Contents

Chapter: Chapter 1

1.11 The prior knowledge and experience of 21st Century students

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Long, long ago in the mists of the 20th century it was possible to assume that students presenting themselves to university Engineering Schools would have constructed models using Meccano, could wire a plug for mains electricity (and would have received a 110 or 240V shock), had changed and mended the tyre on their bike, would have … Continued »

1.10 The changing nature of university student generations

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Educators cannot, on their own, define and control engineering education because (at least in non-centrally-directed societies) it is necessary for students to sign up before an offered programme can be viable. It matters not whether we call them ‘Generation X or Y’ or ‘Millennials’ or ‘digital natives’ or even ‘binge drinkers’; The background, attitudes and expectations of … Continued »

1.9 Graduateness and habits of mind

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With such a diversity of potential graduate outcomes, is there a set of attributes which characterises (or should characterise) a graduate? Is it meaningful to speak of ‘graduateness‘ – a phrase which enjoyed a few years of popularity around the turn of the 21st century?  [QAA, 1997] If we look in the UK Subject Benchmark … Continued »

1.8 Why educate engineers? Intellectual stimulation

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To provide an intellectually stimulating education There was a time when the primary purpose of a university degree programme was what we might now call ‘general education’. The experience was intended to challenge students to think, rather than to accumulate specific knowledge or skills. This motive still survives in many Arts and Humanities disciplines and is still … Continued »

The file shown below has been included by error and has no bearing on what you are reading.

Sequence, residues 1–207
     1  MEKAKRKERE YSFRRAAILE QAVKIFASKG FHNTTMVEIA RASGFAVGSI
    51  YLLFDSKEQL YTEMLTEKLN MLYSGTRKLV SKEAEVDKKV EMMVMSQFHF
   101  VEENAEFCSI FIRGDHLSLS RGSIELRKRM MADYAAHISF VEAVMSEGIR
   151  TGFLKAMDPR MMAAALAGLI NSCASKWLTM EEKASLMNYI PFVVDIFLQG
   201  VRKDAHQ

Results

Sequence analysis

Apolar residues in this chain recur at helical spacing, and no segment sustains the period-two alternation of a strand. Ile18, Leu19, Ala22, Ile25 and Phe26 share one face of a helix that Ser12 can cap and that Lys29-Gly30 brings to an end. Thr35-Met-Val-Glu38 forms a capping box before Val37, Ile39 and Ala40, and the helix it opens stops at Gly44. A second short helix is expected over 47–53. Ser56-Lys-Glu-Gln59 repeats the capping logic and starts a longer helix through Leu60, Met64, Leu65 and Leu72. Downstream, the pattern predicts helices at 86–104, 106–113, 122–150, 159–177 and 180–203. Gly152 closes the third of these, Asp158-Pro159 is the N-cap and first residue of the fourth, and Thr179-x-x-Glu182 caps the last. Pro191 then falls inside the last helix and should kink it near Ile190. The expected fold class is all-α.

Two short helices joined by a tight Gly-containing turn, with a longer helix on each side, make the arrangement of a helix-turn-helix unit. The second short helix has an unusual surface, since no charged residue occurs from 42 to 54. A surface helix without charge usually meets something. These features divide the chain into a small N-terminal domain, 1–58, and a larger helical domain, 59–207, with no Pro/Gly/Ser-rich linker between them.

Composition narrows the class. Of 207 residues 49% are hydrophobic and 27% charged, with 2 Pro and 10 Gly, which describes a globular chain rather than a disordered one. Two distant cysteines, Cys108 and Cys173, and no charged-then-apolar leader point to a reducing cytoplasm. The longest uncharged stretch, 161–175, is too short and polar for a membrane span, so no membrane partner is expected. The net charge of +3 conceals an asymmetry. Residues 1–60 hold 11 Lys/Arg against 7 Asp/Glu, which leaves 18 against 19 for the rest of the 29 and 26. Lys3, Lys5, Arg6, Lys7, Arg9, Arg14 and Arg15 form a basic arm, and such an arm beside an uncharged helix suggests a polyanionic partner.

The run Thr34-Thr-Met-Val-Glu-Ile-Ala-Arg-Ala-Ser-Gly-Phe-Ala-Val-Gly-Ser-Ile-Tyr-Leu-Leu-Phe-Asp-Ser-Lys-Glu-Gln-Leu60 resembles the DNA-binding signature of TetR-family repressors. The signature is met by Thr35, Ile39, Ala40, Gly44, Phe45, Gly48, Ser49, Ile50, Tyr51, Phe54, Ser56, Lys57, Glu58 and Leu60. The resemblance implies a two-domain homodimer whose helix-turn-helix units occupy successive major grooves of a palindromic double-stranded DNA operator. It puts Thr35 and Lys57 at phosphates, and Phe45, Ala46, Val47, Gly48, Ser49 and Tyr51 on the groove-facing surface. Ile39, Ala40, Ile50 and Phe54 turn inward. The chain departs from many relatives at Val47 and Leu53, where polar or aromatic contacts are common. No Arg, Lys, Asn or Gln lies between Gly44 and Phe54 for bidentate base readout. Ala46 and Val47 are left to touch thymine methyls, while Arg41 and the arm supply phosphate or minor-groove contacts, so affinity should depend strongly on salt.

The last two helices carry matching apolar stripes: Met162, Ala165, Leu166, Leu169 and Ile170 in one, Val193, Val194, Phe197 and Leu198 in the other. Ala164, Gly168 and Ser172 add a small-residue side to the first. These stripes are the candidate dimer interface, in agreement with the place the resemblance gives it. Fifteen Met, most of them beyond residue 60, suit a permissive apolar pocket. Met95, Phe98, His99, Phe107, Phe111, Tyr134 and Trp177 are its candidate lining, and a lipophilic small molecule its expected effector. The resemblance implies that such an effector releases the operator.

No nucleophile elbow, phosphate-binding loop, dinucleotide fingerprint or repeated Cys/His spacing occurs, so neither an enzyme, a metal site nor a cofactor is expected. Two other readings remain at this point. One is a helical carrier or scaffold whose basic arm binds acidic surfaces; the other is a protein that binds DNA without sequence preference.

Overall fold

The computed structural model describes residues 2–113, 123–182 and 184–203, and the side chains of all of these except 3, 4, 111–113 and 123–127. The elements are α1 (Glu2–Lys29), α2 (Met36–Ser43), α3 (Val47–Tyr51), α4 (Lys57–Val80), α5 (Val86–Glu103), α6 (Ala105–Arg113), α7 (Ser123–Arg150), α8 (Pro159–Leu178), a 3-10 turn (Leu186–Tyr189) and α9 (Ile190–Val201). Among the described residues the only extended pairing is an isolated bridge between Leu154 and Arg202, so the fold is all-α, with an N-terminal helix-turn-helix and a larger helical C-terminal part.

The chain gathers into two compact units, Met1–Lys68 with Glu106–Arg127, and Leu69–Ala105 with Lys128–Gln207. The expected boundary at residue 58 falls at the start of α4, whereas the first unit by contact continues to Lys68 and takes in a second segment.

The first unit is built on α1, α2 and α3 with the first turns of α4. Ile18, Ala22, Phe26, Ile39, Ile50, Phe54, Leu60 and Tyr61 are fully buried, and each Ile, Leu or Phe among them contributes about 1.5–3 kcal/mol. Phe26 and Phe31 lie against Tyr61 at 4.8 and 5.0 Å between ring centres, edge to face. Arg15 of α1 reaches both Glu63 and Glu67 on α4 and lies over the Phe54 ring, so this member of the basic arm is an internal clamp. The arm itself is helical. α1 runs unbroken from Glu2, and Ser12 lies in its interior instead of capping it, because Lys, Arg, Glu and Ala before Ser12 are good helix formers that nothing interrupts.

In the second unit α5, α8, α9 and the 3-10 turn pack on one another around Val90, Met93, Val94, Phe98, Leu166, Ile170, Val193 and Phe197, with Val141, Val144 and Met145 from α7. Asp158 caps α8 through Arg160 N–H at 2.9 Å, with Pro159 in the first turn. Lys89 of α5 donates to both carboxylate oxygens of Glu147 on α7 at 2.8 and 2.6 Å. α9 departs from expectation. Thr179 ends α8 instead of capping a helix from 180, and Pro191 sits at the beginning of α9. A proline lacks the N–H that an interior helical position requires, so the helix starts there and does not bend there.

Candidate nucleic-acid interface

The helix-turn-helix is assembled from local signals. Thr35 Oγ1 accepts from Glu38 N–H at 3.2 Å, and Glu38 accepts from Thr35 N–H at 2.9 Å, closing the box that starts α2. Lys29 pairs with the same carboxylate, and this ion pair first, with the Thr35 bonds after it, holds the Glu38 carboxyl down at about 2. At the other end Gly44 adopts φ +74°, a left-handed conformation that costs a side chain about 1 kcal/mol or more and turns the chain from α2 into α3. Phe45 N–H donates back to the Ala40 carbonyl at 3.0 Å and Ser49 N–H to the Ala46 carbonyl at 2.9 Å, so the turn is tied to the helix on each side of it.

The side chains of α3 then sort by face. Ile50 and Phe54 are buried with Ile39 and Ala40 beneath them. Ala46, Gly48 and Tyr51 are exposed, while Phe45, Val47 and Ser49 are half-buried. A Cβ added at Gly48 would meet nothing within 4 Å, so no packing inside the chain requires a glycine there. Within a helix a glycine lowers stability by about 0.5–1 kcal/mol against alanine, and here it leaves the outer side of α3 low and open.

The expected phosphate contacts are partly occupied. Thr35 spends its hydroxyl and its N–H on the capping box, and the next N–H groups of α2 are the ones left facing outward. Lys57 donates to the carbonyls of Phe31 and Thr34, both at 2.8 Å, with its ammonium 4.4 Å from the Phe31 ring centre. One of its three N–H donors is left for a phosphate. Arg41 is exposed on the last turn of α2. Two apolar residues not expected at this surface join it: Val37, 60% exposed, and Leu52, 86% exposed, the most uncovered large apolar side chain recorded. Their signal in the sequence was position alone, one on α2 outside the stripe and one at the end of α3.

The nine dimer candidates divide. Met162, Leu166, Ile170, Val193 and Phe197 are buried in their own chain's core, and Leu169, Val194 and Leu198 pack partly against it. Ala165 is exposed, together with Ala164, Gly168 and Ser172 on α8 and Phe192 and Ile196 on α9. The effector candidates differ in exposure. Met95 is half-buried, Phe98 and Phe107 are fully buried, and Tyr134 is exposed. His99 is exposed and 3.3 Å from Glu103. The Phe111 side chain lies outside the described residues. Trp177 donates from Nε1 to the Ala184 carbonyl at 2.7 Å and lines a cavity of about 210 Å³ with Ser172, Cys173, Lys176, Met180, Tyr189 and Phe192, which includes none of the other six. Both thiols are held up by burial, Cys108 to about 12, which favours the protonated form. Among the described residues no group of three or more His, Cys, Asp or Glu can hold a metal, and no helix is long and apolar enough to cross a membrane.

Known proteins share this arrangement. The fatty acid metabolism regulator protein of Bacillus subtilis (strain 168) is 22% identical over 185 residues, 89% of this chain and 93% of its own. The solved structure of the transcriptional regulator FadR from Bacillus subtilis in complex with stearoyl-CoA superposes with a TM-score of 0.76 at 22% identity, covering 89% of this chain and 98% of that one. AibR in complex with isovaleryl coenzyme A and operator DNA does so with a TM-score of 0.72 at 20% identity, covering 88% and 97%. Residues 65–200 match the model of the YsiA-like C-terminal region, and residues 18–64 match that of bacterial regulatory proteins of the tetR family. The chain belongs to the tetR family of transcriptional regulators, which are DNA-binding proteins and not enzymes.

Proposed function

1.7 Why educate engineers? Citizens

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To prepare engineering/science/numerically-literate citizens for society Many of the decisions which must be taken in a 21st century society involve an assessment of technical issues and/or quantitative data. Currently obvious examples are the use of nuclear power for electricity generation or fracking for oil or gas production: A proper approach to key decisions in these areas … Continued »

1.6 Why educate engineers? Employment

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To prepare graduates for employment in engineering industry This is the ‘obvious’ intention of both undergraduate and taught postgraduate programmes. The implication is that all students aspire to become professionally recognised engineers (‘Chartered‘ or ‘Incorporated’  in the UK context, ‘registered’ or ‘certified’ in some other countries) in one or more engineering disciplines. However there are number of … Continued »

1.5 Why educate engineers? Research

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Even within the context of ‘education’ as defined above, there are at least four motives for providing an education in engineering. To prepare students for research A comment: Few of the students in your classes will want the same career as you. On the other hand you should not feel any need to apologise for your … Continued »

1.2 it’s not …

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It might be helpful to clarify what engineering education (in the context of this book) is not. It is not about the acquisition of specific practical skills, however useful or interesting they might be to any individual. It is not about training people to run CFD codes or send CAD designs to a CNC machine … Continued »

1.4 it is more than …

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An interesting sidelight on engineering is provided by the US National Academy of Engineering report written in 2008 entitled Changing the Conversation [National Academy of Engineering, 2009]. This contains the comment: ‘… current messages are framed to emphasize the strong links between engineering and just one of its attributes – the need for mathematics and science … Continued »

1.3 degree titles

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In the UK, the USA and education systems based on these two models, engineering education is usually focused on generic skills and understanding which can be applied in a range of employment environments. This is reflected in degree titles such as Mechanical Engineering rather than product-specific titles such as Tractor Engineering which used to prevail in (for … Continued »